Sleep – most of us probably feel we don’t have enough of it, both a curse of modern life and something which is supported in statistics. But apart from the subtle guilt of knowing you need some more (me too), and the not so subtle ache of insomnia and disrupted sleep, we probably don’t think much about the mechanics of sleep.
This is the book that will change that – from how sleep affects memories and learning, through to how sleep impacts a slew of nasties like cancer, heart disease, diabetes and Alzheimer’s. The effectiveness of exercise and diet. Attention. Road accidents. Erm, let’s get that early night.
Not so simple. It’s not, we learn, about one early night, or catching up on a weekend sleep binge (me too), but about consistent day in and day out habits.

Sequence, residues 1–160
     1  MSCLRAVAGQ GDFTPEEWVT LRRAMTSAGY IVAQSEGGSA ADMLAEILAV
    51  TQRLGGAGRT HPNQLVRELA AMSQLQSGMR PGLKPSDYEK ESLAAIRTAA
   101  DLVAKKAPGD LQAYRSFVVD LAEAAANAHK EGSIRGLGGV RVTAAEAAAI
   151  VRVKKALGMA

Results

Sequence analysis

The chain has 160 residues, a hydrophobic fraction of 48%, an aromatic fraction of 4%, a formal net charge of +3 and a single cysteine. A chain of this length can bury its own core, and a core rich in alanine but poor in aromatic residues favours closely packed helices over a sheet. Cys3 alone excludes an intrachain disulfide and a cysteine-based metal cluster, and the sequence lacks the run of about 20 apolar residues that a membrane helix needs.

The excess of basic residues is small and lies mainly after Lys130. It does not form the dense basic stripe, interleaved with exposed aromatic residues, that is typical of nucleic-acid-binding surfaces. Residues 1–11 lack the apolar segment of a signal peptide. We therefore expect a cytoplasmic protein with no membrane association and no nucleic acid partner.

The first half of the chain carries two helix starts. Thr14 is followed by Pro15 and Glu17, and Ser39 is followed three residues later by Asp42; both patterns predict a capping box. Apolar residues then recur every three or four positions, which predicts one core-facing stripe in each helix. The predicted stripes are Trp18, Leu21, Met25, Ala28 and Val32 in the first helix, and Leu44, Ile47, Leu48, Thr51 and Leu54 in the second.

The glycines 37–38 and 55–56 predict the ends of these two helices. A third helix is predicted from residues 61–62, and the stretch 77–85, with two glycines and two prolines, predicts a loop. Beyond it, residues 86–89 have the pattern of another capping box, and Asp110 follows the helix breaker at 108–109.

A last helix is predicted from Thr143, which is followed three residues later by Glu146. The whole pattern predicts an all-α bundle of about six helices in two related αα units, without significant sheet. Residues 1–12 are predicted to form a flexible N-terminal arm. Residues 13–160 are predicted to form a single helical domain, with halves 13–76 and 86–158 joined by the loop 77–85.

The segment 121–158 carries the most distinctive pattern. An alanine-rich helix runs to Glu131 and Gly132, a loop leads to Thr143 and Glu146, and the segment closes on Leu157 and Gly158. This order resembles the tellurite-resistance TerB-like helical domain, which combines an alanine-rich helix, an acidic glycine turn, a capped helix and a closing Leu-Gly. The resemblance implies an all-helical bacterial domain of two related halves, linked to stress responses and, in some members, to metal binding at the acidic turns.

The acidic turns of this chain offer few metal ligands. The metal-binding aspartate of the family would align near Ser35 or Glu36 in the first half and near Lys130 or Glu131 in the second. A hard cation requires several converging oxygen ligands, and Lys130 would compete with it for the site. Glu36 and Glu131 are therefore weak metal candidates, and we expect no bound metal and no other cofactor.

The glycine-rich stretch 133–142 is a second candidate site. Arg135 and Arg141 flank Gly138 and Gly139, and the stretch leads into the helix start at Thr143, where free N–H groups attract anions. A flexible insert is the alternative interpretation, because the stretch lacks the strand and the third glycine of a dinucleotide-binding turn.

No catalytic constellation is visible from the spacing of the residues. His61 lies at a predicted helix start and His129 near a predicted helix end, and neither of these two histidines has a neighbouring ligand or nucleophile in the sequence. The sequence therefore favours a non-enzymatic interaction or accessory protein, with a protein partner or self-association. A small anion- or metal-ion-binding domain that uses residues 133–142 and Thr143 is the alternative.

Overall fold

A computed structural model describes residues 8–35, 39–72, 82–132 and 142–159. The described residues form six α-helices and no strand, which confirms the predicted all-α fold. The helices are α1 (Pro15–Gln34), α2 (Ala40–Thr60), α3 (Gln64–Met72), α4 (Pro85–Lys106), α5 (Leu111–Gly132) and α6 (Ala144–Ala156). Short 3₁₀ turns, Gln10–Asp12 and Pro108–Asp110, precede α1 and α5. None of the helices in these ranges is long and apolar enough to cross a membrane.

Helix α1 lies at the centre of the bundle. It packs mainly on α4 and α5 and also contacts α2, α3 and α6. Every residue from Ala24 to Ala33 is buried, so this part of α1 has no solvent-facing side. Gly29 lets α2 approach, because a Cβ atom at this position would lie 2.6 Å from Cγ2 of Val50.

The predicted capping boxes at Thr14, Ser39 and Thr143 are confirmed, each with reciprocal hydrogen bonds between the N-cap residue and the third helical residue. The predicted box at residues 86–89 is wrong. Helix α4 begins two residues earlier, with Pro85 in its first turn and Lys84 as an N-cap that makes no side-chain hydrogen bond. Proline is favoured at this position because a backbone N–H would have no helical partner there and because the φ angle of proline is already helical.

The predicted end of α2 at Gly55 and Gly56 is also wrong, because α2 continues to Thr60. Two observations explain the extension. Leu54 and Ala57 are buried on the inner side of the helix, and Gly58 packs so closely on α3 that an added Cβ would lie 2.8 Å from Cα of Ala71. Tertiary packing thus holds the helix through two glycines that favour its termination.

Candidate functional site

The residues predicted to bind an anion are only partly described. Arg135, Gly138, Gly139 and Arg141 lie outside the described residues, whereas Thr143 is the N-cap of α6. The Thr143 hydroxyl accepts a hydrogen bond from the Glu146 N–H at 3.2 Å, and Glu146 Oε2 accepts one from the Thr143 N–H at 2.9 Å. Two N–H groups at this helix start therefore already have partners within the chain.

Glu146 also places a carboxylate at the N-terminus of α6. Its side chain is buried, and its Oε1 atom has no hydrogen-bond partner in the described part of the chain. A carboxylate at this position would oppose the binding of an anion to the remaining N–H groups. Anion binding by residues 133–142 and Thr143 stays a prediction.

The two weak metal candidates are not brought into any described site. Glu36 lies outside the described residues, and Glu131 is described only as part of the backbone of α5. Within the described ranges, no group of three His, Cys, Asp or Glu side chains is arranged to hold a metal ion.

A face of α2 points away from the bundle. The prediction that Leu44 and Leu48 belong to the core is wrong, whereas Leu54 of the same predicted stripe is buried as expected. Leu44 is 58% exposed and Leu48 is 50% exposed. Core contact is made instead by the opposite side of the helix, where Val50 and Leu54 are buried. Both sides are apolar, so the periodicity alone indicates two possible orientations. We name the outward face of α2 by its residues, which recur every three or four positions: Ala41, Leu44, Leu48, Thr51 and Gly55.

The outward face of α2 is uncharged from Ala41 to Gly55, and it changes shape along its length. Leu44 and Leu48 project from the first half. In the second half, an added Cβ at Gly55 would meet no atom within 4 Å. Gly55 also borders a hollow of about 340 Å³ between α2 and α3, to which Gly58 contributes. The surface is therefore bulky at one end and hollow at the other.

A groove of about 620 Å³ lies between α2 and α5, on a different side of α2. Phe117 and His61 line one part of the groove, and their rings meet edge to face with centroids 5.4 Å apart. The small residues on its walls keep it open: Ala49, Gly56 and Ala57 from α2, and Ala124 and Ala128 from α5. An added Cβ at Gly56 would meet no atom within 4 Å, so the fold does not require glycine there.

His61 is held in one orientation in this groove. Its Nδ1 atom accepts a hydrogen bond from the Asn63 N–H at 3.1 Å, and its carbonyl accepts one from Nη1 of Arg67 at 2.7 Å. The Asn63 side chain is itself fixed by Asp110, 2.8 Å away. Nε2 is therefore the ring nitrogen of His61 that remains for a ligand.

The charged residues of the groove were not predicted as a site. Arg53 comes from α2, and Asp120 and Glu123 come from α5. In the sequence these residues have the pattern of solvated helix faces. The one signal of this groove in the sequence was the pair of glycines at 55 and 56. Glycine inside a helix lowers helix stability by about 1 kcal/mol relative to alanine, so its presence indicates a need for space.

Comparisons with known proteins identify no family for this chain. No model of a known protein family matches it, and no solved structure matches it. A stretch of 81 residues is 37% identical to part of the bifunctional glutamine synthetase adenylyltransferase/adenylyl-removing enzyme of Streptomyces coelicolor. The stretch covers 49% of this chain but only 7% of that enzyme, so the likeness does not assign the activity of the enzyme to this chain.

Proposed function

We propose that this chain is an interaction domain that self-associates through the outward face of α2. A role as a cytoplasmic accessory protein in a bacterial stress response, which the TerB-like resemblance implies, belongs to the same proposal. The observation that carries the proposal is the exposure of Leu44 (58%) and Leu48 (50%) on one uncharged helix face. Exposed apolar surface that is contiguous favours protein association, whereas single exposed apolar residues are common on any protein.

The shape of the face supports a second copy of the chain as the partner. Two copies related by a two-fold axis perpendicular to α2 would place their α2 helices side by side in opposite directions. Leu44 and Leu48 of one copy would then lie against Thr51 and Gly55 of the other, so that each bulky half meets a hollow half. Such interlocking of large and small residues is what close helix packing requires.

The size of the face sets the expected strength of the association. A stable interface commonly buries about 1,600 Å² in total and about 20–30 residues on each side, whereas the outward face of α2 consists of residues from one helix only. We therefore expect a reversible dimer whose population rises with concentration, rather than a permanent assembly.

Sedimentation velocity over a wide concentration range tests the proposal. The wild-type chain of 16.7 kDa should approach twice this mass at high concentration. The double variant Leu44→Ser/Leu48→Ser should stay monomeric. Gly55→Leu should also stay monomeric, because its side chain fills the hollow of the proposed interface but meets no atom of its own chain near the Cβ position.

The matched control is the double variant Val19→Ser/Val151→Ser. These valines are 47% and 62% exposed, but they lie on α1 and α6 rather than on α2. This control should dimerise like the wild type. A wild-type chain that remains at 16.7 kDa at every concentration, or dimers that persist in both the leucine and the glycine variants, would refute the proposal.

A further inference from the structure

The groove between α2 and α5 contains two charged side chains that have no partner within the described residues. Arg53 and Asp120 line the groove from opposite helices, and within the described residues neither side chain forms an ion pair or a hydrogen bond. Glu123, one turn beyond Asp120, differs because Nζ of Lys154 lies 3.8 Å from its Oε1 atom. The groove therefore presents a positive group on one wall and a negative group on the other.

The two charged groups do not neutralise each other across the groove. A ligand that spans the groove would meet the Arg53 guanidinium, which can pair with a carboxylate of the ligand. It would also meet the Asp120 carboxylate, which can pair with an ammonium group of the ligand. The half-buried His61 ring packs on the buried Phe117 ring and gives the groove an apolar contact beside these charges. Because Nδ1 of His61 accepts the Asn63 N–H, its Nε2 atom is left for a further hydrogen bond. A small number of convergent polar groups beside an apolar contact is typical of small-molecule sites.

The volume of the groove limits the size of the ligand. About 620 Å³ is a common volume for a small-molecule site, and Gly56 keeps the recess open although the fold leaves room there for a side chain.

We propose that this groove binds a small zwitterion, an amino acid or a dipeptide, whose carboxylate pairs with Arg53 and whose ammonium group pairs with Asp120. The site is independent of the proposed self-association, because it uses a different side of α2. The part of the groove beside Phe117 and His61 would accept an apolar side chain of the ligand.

I was once fond of saying, “Sleep is the third pillar of good health, alongside diet and exercise.” I have changed my tune. Sleep is more than a pillar; it is the foundation on which the other two health bastions sit. Take away the bedrock of sleep, or weaken it just a little, and careful eating or physical exercise become less than effective, as we shall see. (Extract, chapter 8)
Thankfully the author gives us some tips for good sleep hygiene and practices to improve our sleep – routine, winding down, light minimisation, and avoid sleeping pills which, he explains, do more harm than good. In essence work with our body not against it – the author is a Professor of Neuroscience and Psychology at University of California Berkeley, previous at Harvard, so he knows his stuff.
This is a good, well written book, through, compressive, yet readable and clear for both the lay person and well being professionals. I gained a lot myself, and am trying to get that extra hour…